Natural Samadhi

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Rumpelteazer
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Natural Samadhi

Postby Rumpelteazer » Mon Jun 06, 2011 4:54 pm

We took a new look at this somewhat neglected area of H.H.'s teaching. One member of the group had commented that our previous week's meeting focussed on the 'highlands' and that it would be helpful if sometimes we could also cover some practical ideas in the 'lowlands'. In response to this, the paper includes a practical programme which provides a path towards the practice that H.H. suggests of extending moments of natural Samadhi, starting from the 'lowlands', progressing to the 'middle-lands' and pointing in the direction of the 'highlands'.
Natural Samadhi.doc
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As previously, here are just the questions raised and not the answers given:
  • I thought Samadhi was a very high state - not something that is part of ordinary life?
  • What does it mean when it says "if one can become aware of these broken samadhis, no other samadhi need attract one?"
  • This is rubbish - how can one see gaps between desires? Surely the only important thing is to stop and be still between activities?
  • Is Samadhi really possible during activity?
  • Further up the mountain, is it more like 'desires between the gaps'?

Dots
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Re: Natural Samadhi

Postby Dots » Sat Aug 20, 2011 12:36 pm

Surely anything done with complete attention gives rise to natural samadhi. A small example - If I am not attentive or even in an impatient mood and I'm cooking - the results are certainly less than perfect. But if I am concentrating and valuing every gesture or activity with one-pointed attention, the cooking goes well, the food is fine and the inner peace is there. Isn't this what is meant by natural samadhi in the 'lowlands'?

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Rumpelteazer
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Re: Natural Samadhi

Postby Rumpelteazer » Sat Aug 20, 2011 5:24 pm

Lovely to see you back on the forum, Dots.

I think you are right that one-pointed attention encourages Natural Samadhi, because doing something like cooking in the way you describe will generate sattva and I am sure that is a pre-requisite. In my own experience the gap more usually occurs when the attention is broadened and relaxed into passive (allocentric) attention, which is normally after the activity has stopped (unless it is something that doesn't require full one-pointed attention). It's then good to try to bring this into the next activity, but unfortunately this is often interrupted by another desire. Others may see it differently and will perhaps contribute their own experiences to this topic?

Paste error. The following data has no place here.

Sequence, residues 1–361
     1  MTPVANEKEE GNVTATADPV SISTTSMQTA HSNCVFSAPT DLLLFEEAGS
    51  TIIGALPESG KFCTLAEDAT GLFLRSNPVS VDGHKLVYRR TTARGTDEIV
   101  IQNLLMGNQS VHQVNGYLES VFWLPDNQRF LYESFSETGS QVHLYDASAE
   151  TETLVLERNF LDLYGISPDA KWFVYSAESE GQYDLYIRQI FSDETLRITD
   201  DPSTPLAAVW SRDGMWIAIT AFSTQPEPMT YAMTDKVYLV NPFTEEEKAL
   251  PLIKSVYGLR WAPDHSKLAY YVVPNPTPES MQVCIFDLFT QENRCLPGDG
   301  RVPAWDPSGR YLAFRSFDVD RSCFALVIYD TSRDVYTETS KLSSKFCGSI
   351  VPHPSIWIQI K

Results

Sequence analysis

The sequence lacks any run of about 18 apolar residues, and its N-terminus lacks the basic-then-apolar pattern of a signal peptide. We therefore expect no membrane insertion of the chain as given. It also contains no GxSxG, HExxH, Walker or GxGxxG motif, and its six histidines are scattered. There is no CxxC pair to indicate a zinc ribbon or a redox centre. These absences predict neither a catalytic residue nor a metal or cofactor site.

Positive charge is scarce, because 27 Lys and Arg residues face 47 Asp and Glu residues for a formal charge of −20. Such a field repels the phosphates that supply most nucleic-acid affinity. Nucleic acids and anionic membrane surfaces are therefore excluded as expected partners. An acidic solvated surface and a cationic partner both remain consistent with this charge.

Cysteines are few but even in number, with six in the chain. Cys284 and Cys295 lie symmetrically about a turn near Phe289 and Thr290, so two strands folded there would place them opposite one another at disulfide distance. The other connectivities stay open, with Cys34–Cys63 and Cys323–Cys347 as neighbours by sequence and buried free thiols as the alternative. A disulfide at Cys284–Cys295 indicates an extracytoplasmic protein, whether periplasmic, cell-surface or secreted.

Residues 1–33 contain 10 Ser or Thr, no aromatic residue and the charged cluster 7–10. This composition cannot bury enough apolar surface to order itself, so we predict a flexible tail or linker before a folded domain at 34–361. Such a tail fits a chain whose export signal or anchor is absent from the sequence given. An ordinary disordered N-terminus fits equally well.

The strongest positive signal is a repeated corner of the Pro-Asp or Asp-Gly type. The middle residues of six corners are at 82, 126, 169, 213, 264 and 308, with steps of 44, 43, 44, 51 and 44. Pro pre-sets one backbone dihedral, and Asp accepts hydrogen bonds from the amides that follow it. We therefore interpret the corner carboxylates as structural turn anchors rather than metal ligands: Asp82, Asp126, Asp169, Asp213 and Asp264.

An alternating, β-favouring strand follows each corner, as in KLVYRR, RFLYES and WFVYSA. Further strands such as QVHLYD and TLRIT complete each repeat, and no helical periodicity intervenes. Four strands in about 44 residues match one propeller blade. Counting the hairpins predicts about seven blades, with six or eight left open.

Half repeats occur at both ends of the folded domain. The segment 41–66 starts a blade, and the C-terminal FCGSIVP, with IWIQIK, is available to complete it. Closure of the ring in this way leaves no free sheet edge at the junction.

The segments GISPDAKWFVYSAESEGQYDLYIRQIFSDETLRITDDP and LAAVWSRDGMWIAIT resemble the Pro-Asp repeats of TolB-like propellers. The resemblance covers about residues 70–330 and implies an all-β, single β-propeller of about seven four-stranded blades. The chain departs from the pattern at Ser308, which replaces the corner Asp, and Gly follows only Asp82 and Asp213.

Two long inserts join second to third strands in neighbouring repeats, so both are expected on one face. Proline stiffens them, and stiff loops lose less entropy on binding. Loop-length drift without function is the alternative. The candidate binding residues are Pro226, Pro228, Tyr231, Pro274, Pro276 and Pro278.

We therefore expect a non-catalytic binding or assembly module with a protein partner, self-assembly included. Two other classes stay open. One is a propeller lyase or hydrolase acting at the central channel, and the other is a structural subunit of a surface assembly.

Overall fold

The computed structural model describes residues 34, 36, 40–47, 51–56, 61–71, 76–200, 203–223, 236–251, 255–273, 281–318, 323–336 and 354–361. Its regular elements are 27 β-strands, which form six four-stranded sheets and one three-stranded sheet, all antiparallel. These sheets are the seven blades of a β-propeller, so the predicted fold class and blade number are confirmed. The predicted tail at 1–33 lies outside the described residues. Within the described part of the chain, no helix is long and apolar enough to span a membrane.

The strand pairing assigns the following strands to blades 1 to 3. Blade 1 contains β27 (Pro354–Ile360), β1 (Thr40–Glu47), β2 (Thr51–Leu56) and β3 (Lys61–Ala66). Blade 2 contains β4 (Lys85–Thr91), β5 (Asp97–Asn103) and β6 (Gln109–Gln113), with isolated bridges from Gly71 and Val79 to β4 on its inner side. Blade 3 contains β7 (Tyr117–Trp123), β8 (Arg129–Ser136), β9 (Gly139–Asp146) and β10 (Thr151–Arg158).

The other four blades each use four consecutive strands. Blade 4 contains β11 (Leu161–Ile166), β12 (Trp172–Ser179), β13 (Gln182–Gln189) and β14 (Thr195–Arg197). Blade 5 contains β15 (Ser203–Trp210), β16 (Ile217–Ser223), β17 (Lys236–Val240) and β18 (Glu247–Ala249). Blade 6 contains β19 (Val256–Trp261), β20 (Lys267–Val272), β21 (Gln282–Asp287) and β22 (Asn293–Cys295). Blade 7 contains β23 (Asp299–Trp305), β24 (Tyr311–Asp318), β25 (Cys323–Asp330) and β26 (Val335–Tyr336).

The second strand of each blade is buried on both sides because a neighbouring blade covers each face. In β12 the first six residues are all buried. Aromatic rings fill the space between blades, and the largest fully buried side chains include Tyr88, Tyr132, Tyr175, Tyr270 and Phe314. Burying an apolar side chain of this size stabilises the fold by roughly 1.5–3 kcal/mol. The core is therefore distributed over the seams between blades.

Although we are told they happen very frequently during the day, I think it might be quite hard to become aware of moments of Natural Samadhi in 'the lowlands' as represented by Stage 1 of the programme in Annex 1 of the paper, as they are so infinitesimally short. (The levels of the mountain referred to above are not official definitions - they were just invented by a member of Cheltenham group - and are open to very different interpretations.) In my experience awareness and extension of them started happening automatically after quite a lot of practice along the lines of Stage 2, when one gets close to the 'middlelands' which is where Stage 3 starts. And when spotted, one can sometimes extend them further. When extended to several minutes, these moments of Natural Samadhi seem to be characterised by calmness, happiness and love of everything and everyone around.

The three basic practices of self-observation, attention and stillness seem to be the key.


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